How FDA Announces Drug Approval Decisions: A Broken FDA “System” That Must Be Fixed

November 7, 2016By John R. Fleder & Kurt R. Karst & Robert A. Dormer

By Kurt R. Karst, John R. Fleder & Robert A. Dormer

The current FDA system to announce hotly contested generic drug approval decisions is broken.  As we see it, FDA’s “system” pleases no one and does not appear to be legally mandated.  Moreover, whatever advantage FDA may think the Agency is getting from hiding the ball from the world on the timing and substance of these decisions is more than overcome by the criticism the Agency has received from judges.  In a new paper, titled “How FDA Announces Drug Approval Decisions: A Broken FDA ‘System’ That Must BE Fixed,” we examine two cases in particular – Hi-Tech Pharmacal Co., Inc., v. United States Food and Drug Administration, No. 08-01495 (JDB) (here) and AstraZeneca Pharmaceuticals LP v. Burwell, No. 16-cv-1336 (RDM) (here) – where FDA’s system to announce ANDA approval decisions has drawn fire from the judge presiding over the case.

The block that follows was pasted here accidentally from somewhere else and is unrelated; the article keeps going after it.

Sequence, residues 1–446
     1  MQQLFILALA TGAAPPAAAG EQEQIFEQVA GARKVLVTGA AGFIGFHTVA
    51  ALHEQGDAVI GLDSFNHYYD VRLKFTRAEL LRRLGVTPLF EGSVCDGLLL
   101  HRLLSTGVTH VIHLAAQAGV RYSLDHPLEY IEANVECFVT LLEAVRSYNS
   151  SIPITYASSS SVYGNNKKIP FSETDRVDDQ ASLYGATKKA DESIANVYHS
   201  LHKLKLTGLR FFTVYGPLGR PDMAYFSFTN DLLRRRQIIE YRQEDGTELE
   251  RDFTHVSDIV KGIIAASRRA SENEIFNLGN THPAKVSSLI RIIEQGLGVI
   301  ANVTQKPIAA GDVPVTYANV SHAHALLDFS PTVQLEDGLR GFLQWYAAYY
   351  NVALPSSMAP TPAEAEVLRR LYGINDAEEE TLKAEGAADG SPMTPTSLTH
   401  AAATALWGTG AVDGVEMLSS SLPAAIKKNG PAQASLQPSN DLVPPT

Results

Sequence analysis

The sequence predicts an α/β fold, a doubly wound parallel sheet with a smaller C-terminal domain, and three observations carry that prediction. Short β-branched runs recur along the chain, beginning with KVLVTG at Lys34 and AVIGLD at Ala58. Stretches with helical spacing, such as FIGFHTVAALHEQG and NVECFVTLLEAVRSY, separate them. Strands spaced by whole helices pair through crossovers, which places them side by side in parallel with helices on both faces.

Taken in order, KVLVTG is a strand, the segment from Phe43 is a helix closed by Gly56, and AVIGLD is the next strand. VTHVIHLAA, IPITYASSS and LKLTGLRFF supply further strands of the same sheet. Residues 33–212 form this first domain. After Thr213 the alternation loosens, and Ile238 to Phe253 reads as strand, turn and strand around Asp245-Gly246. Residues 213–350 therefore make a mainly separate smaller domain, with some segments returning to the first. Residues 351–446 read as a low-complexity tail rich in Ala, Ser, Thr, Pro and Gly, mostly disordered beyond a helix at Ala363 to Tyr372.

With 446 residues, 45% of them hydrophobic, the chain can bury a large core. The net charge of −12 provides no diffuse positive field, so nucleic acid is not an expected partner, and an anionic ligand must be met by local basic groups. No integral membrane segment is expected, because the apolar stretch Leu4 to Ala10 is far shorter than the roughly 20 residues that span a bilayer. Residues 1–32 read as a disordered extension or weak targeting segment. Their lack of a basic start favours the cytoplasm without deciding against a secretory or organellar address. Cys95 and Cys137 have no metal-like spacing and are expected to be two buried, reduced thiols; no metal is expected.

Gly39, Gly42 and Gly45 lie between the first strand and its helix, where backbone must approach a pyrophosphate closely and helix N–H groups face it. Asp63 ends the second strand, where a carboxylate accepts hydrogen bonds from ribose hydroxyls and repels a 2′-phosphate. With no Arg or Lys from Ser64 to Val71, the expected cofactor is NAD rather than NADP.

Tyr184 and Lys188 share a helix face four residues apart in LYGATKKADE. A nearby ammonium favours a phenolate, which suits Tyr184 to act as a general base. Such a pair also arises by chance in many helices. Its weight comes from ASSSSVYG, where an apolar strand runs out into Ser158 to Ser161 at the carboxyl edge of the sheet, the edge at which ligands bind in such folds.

FDA’s approval system for handling certain high profile ANDA approval decisions must be fixed. As we note in the paper, there certainly appears to be ample authority conferred on FDA to make changes without the need for additional legislation to be enacted. But if legislation is needed, then we call on FDA to spearhead a legislative fix. Congressional oversight committees may be a sound vehicle to compel FDA to focus on this problem. Perhaps the Department of Health and Human Services may be able to force FDA to change its ways. FDA needs to involve interested stakeholders in this process. We also urge FDA to communicate with the courts to try to get judicial input.